Graphics are reasonably detailed, but the colours are bland and boring. This is obviously a conscious choice from the developers, as they’re wishing to portray the game world in a certain way, but a bit of variation in the interface, at least, would stop everything on the screen from blending into a drab greyish-brown. There are some good filters and special effects, and nice graphical touches like smoke from gun barrels, while at the same time some basic details have been missed, such as cars driving past without their wheels turning. The game has a pretty high DoF effect, which may not appeal to everyone.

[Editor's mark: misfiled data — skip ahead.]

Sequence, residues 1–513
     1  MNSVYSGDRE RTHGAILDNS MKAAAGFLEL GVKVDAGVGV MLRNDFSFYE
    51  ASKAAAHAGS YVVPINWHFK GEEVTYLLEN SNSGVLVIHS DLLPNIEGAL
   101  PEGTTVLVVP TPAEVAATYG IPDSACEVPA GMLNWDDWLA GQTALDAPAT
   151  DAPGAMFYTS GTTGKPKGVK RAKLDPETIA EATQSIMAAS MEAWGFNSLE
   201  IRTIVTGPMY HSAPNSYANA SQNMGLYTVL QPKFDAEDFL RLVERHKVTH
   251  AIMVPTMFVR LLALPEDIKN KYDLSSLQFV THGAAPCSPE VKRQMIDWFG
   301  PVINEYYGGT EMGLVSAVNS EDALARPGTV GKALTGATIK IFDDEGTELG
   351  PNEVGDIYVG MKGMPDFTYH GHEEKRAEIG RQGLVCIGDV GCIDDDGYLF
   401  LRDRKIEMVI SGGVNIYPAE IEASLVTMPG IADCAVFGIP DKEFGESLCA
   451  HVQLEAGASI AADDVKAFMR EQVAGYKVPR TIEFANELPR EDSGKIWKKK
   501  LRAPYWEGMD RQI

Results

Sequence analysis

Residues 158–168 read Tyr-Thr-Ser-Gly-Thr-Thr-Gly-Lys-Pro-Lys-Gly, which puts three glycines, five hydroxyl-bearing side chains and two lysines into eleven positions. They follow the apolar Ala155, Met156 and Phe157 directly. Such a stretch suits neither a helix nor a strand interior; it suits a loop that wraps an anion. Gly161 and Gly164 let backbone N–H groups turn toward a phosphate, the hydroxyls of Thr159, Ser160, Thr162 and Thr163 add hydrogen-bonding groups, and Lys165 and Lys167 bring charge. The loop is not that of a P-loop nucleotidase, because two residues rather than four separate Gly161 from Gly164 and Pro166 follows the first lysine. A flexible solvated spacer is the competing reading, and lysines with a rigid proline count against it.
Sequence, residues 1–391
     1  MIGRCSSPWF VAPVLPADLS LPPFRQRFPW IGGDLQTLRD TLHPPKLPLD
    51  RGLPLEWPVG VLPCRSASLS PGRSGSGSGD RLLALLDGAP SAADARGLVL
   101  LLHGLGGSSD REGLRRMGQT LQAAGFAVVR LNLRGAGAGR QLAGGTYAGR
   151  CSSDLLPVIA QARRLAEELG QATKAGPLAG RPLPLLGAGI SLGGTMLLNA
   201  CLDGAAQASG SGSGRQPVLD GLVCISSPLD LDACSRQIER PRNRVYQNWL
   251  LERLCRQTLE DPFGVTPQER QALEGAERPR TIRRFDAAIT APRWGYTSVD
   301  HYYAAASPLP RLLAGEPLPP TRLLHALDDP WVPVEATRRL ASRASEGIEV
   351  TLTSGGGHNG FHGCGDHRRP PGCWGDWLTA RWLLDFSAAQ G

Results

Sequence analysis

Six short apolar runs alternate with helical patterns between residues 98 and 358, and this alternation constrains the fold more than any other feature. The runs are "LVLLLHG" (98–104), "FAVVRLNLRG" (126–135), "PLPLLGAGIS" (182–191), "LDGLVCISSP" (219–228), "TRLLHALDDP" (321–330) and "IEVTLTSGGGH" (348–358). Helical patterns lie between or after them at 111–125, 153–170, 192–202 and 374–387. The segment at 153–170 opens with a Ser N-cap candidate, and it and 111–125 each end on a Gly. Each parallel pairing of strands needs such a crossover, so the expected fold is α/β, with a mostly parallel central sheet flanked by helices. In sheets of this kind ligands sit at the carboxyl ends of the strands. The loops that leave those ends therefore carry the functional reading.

Level design and models are good, as are textures, but there are a few too many sharp edges. Character models are fine, but you’ll notice their textures are a bit lacking when you zoom in. Animations look a little bit wooden, but they’re good enough. Valkyrie, the female player character, has some ‘jiggle’ to her, too, which is either a nice touch or completely unnecessary, depending on your point of view.

The UI is basic and only explained very briefly, making it rather confusing at first. The player character FPS camera that you can open in place of the minimap is an interesting addition. The quality is poor enough as to make it not very useful in most circumstances, but it’s a nice idea.


The title music track is great: very atmospheric and mysterious. In-game music is pretty good, too, with slow, ambient sounds blending together nicely for a good background sound stage.